How to Plant, Grow, and Care for Daylilies

Do you want to grow bright and colorful daylilies in your gardens? In this article, gardening expert Jill Drago gives you tips on how to plant, grow, and care for these beautiful perennials.

A close-up of vibrant orange daylilies. These daylilies boast vivid orange petals with delicate ruffled edges, showcasing a rich, warm hue. Their slender, elongated leaves sprawl gracefully, presenting a deep green color and smooth, blade-like contours.


Daylilies are a popular perennial well known for their trumpet-like flowers and graceful grass-like foliage. This perennial adds lovely color to any garden, even if it only lasts for a few days. 

This is a plant that does not have much difficulty with pests or diseases. Even wildlife stays away from daylilies. If you have a lot of wildlife in your yard or if you are just looking for a low-maintenance plant, I urge you to give this plant a shot!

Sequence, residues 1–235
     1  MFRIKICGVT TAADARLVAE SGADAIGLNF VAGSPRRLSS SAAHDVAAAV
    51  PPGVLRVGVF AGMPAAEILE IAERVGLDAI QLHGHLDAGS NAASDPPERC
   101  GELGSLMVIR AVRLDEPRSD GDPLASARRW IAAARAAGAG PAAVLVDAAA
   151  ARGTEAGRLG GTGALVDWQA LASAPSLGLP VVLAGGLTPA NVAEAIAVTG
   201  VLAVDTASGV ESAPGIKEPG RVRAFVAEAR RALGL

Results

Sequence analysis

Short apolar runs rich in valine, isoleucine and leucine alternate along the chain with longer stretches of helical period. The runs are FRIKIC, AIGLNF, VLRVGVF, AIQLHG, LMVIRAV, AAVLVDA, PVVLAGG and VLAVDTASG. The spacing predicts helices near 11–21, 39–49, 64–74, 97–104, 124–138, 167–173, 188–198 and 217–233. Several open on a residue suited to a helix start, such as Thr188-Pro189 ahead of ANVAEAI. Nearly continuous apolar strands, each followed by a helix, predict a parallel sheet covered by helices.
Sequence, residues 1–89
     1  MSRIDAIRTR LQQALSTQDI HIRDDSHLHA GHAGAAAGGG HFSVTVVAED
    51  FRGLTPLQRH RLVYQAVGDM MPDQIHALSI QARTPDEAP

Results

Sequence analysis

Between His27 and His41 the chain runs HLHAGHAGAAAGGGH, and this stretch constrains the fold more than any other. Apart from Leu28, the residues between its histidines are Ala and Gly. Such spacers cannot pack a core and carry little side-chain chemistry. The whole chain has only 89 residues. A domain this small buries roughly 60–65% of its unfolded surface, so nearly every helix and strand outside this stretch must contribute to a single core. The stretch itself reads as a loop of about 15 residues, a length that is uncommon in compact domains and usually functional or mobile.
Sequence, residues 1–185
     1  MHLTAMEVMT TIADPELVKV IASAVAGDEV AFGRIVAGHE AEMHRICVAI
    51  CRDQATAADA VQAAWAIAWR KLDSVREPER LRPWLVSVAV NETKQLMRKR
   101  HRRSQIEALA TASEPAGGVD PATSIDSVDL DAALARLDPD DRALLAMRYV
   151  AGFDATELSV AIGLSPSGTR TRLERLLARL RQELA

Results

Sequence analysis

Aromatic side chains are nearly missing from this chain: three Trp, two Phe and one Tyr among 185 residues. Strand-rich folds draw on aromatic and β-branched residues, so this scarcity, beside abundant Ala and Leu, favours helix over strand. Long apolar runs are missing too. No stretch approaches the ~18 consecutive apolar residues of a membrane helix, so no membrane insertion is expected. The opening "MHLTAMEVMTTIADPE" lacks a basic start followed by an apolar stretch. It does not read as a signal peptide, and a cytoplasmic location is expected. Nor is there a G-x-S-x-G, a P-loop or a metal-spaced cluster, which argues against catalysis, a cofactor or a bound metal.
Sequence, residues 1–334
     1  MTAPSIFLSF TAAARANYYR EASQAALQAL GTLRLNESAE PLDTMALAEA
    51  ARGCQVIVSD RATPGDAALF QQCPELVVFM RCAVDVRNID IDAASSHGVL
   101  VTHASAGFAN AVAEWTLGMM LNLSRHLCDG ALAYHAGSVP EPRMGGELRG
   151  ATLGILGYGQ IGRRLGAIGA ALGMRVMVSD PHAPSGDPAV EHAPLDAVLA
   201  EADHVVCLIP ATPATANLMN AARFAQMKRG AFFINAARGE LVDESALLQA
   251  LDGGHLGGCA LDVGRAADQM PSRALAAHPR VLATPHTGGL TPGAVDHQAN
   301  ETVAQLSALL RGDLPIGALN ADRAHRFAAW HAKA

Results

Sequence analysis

Let’s lean in and learn everything you will need to do to properly plant, grow, and care for the daylilies in your garden. 


A close-up of yellow daylilies exhibiting striking blooms, with soft, buttery petals unfurling in intricate layers. Their vibrant green leaves, slender and arching, complement the flowers, offering a lush backdrop with defined veins and a glossy texture.
Plant Type Perennial 
Family Hemerocallidaceae
Genus Hemerocallis
Species Spp. 
Native Area Asia and Europe
Exposure Full sun to partial shade 
Height 1-4 feet 
Watering Requirements Average
Pests and Diseases Snails, slugs
Maintenance Low 
Soil Type Chalk, clay, loam. Moist and well-draining
Hardiness Zone 3-9

What Is It?


A close-up of blossoms featuring intricate layers of petals, radiating a vibrant hue. Their leaves, long and slender, possess a deep green shade, providing a textured contrast against the blurred background of more daylilies.
Fleeting beauties, each bloom endures for only one day.

Daylilies are herbaceous perennials that produce long, grass-like foliage which grows into a fountain shape. From within this foliage, sturdy stems emerge with multiple flower buds, each bud opening to a lily-like flower in a variety of colors.